Supersonic (traveling faster than the speed of sound) flight has been possible for about 70 years. The auditory results of cracking the sound barrier are sometimes heard (and felt) in the form of sonic booms. But what does it look like when an object reaches Mach 1? Often, aircraft are photographed with a visible plume of moisture erupting around them when they reach supersonic speeds. But that’s just part of the picture, as NASA observed with a recent photographic experiment.
NASA used an unlikely process to capture images of supersonic shockwaves created by an Air Force T-38C test plane. Researchers employed a 150-year old technique called schlieren photography. Wikipedia describes this style of photography as:
…a visual process that is used to photograph the flow of fluids of varying density. Invented by the German physicist August Toepler in 1864 to study supersonic motion, it is widely used in aeronautical engineering to photograph the flow of air around objects.
Having access to plenty of modern technology and techniques, NASA used an updated version of this technique called background oriented schlieren (BOS):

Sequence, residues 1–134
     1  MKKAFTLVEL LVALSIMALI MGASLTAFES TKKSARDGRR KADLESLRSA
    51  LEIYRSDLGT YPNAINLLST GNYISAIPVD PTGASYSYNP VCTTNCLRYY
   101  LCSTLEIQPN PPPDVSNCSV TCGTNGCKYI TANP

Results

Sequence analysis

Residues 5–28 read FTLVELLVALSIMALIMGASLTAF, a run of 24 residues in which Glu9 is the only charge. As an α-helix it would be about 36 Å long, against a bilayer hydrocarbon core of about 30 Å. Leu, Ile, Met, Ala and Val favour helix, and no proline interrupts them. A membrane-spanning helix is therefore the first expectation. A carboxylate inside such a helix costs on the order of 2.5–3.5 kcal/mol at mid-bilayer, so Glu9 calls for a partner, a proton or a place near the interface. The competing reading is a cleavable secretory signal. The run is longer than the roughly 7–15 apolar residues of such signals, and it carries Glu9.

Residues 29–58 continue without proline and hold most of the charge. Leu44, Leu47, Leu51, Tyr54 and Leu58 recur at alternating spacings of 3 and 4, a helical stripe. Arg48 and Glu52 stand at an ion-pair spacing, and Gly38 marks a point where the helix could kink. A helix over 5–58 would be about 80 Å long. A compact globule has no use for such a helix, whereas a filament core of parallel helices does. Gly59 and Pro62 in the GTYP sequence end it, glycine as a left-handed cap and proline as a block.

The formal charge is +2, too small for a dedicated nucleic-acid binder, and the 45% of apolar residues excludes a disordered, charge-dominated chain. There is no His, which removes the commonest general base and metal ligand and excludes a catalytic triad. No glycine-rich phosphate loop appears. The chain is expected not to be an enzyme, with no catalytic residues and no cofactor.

First, researchers obtain an image of a speckled background pattern. Next, they collect a series of images of an object in supersonic flow in front of the same pattern. Shock waves are deduced from distortions of the background pattern resulting from the change in refractive index due to density gradients. This method requires very simple optics and a variety of background patterns, including natural ones, may be used. The complexity with this method is in the image processing and not the hardware or positioning, thus making BOS an attractive candidate for obtaining high-spatial-resolution imaging of shock waves in flight.
Detailed explanations of the project (and a few more images) are available at the link above.
Image credit: NASA